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Nigeria has one of the world’s fastest growing populations. Based on current trends, it will have become the world’s third most populous country by 2050, with around 100 million women of reproductive age.
At the end of 2015, only one in eight women of reproductive age was using any form of modern contraception. Not only is contraceptive use low in the country, choice of contraceptives is limited. In a survey from 2013, condoms were the method chosen by 40% of contraceptive users, with pills and injectables together accounting for another 40%. Long-acting and permanent methods made up only 12% of all modern methods used in Nigeria at the time.
Marie Stopes Nigeria opened its first clinic in 2009, becoming one of the few providers of long-acting and permanent contraception in the country. We estimate that more than 10% of women now using contraception in Nigeria were provided with their method by us.
In 2010 there was an estimated 12,000 women in Nigeria using a form of contraception that was provided by Marie Stopes - by the end of 2018, that number had increased to more three million, the majority of which opted for the long-acting and reversible implant method. This indicates that we are changing patterns of contraceptive use across Nigeria
We estimate that more than 10% of women now using contraception in Nigeria were provided with their method of choice by us.
Expanding the scope and capacity of our service channels is vital for our programme to have a significant impact on the uptake of sexual and reproductive health services in Nigeria.
Our centre in Abuja offers a range of reproductive health services to urban communities, including family planning services, emergency contraception, pre and post-natal care, diagnosis and treatment of STIs, pregnancy testing, voluntary counselling and testing for HIV, ultrasound and laboratory services.
In addition to our centre, the programme uses mobile outreach teams – composed of doctors, nurses and drivers, who travel to hard-to-reach areas of Nigeria – to offer a range of contraceptive services to those who need them the most. We also provide services through social franchise networks, allowing communities across the country to access contraception from quality assured private pharmacies, and all at affordable prices.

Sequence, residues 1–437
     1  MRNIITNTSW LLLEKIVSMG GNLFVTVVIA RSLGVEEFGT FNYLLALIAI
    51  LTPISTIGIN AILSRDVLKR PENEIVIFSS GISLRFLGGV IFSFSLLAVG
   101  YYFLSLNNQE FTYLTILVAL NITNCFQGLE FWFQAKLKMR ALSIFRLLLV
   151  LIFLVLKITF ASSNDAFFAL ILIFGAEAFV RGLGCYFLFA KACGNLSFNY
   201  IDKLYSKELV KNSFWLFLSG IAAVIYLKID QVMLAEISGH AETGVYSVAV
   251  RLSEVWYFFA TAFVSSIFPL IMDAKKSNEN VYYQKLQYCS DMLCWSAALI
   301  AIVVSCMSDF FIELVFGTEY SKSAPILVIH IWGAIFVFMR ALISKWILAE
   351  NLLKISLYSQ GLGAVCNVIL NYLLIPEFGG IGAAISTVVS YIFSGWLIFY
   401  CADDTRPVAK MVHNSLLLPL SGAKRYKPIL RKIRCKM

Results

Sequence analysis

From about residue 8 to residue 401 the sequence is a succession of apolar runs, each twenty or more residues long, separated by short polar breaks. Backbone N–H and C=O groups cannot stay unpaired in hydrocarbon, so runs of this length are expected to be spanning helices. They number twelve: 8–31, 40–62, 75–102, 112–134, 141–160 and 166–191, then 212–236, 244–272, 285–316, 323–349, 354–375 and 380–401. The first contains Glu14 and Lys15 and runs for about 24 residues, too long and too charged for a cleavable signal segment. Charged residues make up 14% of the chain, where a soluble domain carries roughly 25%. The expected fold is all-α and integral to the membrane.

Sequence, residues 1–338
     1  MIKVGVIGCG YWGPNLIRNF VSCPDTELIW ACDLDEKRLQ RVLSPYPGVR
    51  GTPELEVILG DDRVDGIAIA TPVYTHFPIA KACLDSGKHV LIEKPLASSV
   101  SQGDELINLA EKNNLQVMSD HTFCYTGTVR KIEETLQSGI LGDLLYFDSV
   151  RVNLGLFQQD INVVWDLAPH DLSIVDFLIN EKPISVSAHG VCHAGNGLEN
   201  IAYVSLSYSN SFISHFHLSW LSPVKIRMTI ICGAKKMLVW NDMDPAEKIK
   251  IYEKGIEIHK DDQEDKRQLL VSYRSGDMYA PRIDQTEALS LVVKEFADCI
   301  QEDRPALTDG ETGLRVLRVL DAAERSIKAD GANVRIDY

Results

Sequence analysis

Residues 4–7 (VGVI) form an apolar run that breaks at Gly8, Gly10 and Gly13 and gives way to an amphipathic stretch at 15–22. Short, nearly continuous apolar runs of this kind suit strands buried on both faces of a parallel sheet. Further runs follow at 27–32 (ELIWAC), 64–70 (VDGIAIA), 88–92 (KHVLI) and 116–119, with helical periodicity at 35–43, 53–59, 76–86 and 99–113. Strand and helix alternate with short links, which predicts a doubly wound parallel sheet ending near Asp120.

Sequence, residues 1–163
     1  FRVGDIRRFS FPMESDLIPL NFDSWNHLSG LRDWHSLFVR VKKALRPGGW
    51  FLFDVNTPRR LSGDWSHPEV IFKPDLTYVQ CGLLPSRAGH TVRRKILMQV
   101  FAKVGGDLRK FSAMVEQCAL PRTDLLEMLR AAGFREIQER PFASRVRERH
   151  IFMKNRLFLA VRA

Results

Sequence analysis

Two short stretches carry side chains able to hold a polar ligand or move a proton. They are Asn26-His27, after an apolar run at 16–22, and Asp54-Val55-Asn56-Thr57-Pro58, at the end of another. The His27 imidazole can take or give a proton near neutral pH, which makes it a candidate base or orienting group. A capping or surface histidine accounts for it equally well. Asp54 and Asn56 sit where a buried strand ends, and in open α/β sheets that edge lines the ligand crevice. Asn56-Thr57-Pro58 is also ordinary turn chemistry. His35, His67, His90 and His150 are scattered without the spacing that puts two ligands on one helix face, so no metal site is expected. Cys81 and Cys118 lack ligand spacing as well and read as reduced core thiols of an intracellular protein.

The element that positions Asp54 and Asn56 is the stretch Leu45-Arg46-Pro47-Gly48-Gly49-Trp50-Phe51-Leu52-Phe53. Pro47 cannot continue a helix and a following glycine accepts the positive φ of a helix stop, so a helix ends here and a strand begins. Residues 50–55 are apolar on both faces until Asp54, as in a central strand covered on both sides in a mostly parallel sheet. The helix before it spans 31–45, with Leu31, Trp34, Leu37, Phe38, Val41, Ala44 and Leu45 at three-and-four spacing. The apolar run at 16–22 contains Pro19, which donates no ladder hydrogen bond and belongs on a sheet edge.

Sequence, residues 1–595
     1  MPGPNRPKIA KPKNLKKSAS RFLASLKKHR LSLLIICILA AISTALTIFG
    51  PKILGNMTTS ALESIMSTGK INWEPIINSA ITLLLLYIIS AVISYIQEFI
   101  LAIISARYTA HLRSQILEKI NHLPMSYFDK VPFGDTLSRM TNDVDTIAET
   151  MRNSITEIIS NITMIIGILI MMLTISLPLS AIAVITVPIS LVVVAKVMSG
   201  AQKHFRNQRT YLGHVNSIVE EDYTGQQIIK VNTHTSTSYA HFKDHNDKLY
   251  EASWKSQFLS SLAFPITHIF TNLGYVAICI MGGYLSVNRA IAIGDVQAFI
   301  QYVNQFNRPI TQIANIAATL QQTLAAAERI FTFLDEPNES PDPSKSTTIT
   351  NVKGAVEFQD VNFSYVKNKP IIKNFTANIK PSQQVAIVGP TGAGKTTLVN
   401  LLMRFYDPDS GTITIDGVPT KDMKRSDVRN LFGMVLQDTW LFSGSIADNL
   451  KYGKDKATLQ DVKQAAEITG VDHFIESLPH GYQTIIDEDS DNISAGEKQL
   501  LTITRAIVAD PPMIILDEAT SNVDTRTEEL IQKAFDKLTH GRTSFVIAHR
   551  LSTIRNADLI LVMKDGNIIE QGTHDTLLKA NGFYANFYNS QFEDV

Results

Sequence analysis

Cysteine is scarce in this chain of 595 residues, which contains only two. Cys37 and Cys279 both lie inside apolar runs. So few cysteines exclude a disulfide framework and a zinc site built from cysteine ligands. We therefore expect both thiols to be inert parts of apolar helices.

Working together with the government of Nigeria, as well as existing private health care providers, we have trained over 200 franchisees to deliver high quality family planning services to women across Nigeria.
Marie Stopes Nigeria trained local health workers to provide sexual and reproductive health services to internally displaced people (IDPs) in Adamawa state. These health workers go the extra mile to provide and deliver services in one of the most volatile regions of the country.
Violence in Adamawa state forced thousands to flee their homes, and the state is now home to more than 135,000 internally displaced people. IDPs are generally a vulnerable group of people, and women in these circumstances are particularly at risk as they are often left with limited means to prevent unplanned pregnancies.
In 2014, Marie Stopes Nigeria was asked by UNFPA to train health staff to provide sexual and reproductive health services in Adamawa state, with a focus on long acting and reversible contraception, such as the implant and IUD. We trained 50 nurses and midwifes in the state – where an astonishing one in five women has an unmet need for family planning – through our Training and Supportive Supervision model of service delivery. The model involves training public sector health workers to provide comprehensive family planning, including a range of modern methods and counselling.